Trio of Houses Across from Black Hole on Castle Ct. Is Coming Down

1310 Castle Ct., Castle Court, Houston

After a bit of coffee on the side patio of the Black Hole Coffee House at 4504 Graustark St., a sighting of bright green sewer-disconnect notices on the front doors of 3 ninety-something-year-old houses across the street, and a little online permit research, reader Christopher Newsom has some news to announce: The homes at 1304, 1308, and 1310 Castle Ct. (pictured above and below) are about to be demolished. According to HCAD records, the same owner has owned all 3 properties for more than 25 years.


1308 Castle Ct., Castle Court, Houston

1304 Castle Ct., Castle Court, Houston

“Black Hole’s side patio is about to get a radically altered view,” Newsom notes. Together, the 3 side-by-side properties — one in from the corner of Graustark — sit on 18,550 sq. ft. of land across from the soon-to-be-demolished Place Apartments

Photos: Christopher Newsom

Point of No Return

15 Comment

  • Sad to see more antique housing die. I’m guessing more multi-story rentals. Has replacing quality single-family with high density apartments ever turned out to be a good idea in the long term?

  • Let us guess what will rise from the rubble: more crappy NC stucco monstrosities.

  • My brother came home from WWII, bought the 1310 Castle Court home and moved there with his wife when they married in 1946. Two of his children were born there and I visited many times. It’s one that should have been preserved. But, that’s Houston. What a mess that street will be with all the construction, but maybe not as bad as Bissonnet is going to be. I think the city clerks who give the OKs on these construction sites must be asleep on the job. Ashby should never have been approved.

  • Very sad, they will likely be replaced by a set of garish modern “cube” houses. Or half a dozen or more narrow townhomes with stucco walls.

    I doubt that anything built on this property will last half as long as what is replacing it.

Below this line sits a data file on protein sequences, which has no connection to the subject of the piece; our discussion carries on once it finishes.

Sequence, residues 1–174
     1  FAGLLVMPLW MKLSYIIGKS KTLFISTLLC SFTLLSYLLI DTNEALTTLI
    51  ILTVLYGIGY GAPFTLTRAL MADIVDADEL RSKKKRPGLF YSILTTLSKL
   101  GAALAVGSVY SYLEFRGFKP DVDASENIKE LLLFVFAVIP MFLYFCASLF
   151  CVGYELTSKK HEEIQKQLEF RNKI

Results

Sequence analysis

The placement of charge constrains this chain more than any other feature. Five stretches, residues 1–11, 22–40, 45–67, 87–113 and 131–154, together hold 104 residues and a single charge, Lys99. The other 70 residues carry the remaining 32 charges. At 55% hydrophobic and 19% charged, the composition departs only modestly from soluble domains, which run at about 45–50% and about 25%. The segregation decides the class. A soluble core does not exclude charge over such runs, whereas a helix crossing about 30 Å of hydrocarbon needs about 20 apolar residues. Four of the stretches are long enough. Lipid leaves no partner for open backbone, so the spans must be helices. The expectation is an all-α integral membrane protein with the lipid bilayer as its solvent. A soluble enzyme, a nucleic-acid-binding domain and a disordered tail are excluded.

• Shame, nice looking homes getting wrecked for tba. Hope the trees can be spared.

  • anyone know why the improvement values on the tax records jumped so much between years 2013 and 2014? on one property it increased by a multiple of 5 times while on the other poperty it had doubled.

    nice looking houses, but as they were pretty much worthless on the city tax records I can’t imagine these were any sort of quality homes without some major renovations needed. i’m guesss townhomes if anything.

  • More UGLY coming soon to Montrose.

    I echo Dana-X. Has his kind of apartment frenzy EVER worked out in the long run?

    Remember Sharpstown? Greenspoint anyone?

    Believe it or not, those apartments were fabulous in their day.

  • My mother always used to lament the destruction of Kenwood which was a block over from Castle Court. I wish I could find some pictures of that street.

  • In 1860 the population density of NYC was 3,891 people per square mile. Houston today is 3,371. Were there a bunch of people in NYC around 1860 decrying the densification of NY to 11,381 by 1900? I’m not saying that Houston is like NYC but the world is only filling up with more people. In 1940 there were only a little over 2 billion people on the planet….today there are over 7 billion people. It is insane to think that the world, especially cities, are not going to change and become much much denser to accommodate this growth. What else are we going to do? Where are all these people going to live.? The inner loop of Houston is where all of the action is at..demand is driving this. Some cities help mitigate a lot of the growing pains with comprehensive plans…I guess Houston has swamplot and the invisible hand……